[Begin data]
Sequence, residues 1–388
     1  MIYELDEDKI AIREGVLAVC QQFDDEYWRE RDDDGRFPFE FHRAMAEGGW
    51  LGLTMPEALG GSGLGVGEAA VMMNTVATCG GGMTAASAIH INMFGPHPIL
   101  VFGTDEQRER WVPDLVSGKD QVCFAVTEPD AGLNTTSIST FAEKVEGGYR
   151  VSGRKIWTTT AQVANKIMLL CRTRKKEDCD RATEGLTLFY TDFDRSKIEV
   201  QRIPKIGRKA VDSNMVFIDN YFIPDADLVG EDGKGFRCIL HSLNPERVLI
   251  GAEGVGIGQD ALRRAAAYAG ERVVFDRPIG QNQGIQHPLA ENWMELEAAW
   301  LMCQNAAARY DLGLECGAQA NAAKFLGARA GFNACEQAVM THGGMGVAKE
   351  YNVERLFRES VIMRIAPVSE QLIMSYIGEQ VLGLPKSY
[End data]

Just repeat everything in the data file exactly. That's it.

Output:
Sequence, residues 1–388
     1  MIYELDEDKI AIREGVLAVC QQFDDEYWRE RDDDGRFPFE FHRAMAEGGW
    51  LGLTMPEALG GSGLGVGEAA VMMNTVATCG GGMTAASAIH INMFGPHPIL
   101  VFGTDEQRER WVPDLVSGKD QVCFAVTEPD AGLNTTSIST FAEKVEGGYR
   151  VSGRKIWTTT AQVANKIMLL CRTRKKEDCD RATEGLTLFY TDFDRSKIEV
   201  QRIPKIGRKA VDSNMVFIDN YFIPDADLVG EDGKGFRCIL HSLNPERVLI
   251  GAEGVGIGQD ALRRAAAYAG ERVVFDRPIG QNQGIQHPLA ENWMELEAAW
   301  LMCQNAAARY DLGLECGAQA NAAKFLGARA GFNACEQAVM THGGMGVAKE
   351  YNVERLFRES VIMRIAPVSE QLIMSYIGEQ VLGLPKSY